But a host of research that has been done in the last few decades has created serious doubts about the degree to which talent (in the sense of natural abilities) actually exist and even more serious doubts about the degree to which early differences in performance are good predictors of top performance. I'll briefly refer to some relevant publications:
- Intelligence and how to get it (by Richard Nisbett): This book shows the evidence for the statement that intelligence is something you can acquire: 1) There is no fixed value for the heritability of intelligence. Environment can play a major role in differences in intelligences between individuals and groups, 2) Heritability places no limits whatsoever on modifiability of intelligence -for anybody. Intelligence is developable and schools can make children smarter, for instance by using computer-assisted teaching and certain types of cooperative learning. 3) Genes play no role at all in race differences in IQ, environment differences do. 4) Believing that intelligence is under your control is a great start of developing intelligence, 5) Certain habits and values in cultures can be highly beneficial for learning and developing intelligence, 6) Parents can do a lot to increase the intelligence and academic achievement of children (both biological and didactic factors matter.
- What is intelligence? (by James R. Flynn). This book is about the so-called 'Flynn effect' which refers to the steady rise of the average IQ test scores over generations. It is an effect seen in most parts of the world, although at greatly varying rates. It is named after James R. Flynn, who documented it extensively. This increase has been continuous and roughly linear from the earliest days of testing to the present. The rise in intelligence is so rapid that it disproves the idea that genetic factors limit the development of IQ.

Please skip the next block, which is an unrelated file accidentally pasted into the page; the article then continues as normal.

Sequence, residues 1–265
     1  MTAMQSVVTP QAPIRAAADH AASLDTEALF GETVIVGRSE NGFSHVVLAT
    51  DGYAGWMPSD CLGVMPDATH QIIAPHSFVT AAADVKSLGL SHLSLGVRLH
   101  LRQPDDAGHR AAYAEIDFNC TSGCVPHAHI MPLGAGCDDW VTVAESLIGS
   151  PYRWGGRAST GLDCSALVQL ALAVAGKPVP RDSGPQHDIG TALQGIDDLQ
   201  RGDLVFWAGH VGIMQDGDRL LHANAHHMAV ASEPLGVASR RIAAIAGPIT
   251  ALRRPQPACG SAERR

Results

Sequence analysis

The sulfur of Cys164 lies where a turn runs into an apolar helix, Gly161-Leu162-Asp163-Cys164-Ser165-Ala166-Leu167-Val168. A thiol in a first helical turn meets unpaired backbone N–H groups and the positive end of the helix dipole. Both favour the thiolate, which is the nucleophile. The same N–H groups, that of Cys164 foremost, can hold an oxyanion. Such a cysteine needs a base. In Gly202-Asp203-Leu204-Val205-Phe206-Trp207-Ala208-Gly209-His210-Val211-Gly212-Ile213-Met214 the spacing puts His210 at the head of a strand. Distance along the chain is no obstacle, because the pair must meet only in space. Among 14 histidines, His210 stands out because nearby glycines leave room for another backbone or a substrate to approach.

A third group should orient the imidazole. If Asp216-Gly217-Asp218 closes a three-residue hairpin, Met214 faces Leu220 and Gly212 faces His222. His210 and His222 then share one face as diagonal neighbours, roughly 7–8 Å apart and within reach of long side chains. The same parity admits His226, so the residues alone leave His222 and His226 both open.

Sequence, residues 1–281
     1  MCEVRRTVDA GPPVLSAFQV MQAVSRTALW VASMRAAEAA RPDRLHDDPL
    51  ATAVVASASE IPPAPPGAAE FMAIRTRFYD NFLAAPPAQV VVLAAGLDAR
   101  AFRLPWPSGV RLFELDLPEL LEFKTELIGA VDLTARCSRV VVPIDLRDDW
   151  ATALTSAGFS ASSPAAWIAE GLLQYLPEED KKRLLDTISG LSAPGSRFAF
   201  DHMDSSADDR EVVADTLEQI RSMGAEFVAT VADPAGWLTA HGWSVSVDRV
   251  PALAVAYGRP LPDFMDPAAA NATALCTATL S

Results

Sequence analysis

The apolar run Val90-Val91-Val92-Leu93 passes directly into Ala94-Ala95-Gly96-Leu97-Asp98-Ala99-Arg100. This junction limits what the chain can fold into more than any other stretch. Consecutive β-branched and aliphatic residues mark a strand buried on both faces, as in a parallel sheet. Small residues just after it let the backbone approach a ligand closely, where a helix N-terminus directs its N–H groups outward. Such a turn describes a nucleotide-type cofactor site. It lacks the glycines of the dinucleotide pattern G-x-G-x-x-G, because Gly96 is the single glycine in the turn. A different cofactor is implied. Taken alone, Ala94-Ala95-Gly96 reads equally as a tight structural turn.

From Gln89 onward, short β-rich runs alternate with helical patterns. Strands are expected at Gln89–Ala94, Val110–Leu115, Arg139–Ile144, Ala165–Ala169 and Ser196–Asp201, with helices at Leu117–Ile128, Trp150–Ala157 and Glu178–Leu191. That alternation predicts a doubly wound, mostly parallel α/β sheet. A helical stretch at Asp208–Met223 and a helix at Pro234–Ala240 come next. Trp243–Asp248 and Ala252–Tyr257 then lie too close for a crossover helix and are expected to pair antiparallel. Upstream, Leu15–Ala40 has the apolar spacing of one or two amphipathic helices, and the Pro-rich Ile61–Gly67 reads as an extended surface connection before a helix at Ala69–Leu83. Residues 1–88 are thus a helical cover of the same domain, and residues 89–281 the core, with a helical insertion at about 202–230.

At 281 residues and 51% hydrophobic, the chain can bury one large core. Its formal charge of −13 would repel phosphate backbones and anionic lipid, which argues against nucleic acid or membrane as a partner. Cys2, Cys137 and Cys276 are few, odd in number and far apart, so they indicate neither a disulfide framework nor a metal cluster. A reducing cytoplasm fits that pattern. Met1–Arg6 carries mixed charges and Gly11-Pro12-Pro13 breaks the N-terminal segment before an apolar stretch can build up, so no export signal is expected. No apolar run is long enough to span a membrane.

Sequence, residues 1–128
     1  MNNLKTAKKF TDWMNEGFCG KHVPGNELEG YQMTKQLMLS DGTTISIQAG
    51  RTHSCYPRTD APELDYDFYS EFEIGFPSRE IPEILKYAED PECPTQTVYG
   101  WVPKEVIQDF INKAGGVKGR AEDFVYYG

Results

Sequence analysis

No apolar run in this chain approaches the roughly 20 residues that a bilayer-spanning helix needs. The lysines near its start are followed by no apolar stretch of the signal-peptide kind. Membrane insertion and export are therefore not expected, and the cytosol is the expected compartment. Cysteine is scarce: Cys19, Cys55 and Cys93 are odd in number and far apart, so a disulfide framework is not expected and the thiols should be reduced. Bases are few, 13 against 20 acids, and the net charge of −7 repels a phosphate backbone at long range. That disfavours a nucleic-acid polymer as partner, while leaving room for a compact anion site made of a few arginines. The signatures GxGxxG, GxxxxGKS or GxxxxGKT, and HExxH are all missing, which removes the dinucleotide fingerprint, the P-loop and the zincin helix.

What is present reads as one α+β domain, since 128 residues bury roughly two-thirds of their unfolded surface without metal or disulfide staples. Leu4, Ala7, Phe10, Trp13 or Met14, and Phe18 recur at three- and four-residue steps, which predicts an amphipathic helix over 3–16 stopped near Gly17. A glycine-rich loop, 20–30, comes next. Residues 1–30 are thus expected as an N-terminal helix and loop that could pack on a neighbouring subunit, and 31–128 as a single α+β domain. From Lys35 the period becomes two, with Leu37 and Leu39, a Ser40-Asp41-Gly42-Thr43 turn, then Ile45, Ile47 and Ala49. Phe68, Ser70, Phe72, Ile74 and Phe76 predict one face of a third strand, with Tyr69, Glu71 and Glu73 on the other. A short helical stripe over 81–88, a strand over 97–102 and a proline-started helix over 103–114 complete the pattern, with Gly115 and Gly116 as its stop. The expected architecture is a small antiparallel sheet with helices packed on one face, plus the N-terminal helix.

- Mindset: The New Psychology of Success (by Carol Dweck). Carol Dweck has shown through her research that people who see intelligence as unchangeable (a so-called fixed mindset) develop a tendency to focus on proving that they have that characteristic instead of focusing on the process of learning. This disregard of the learning process hinders them in the development of their learning and in their performance. This means that the wrong convictions about intelligence can make smart people dumb! But there is an alternative mindset. When people view intelligence as a potential that can be developed (a growth mindset) this leads to the tendency to put effort into learning and performing and into developing strategies that enhance learning and long term accomplishments. Message: it pays off to help children and students invest in a view of intelligence as something that can be developed.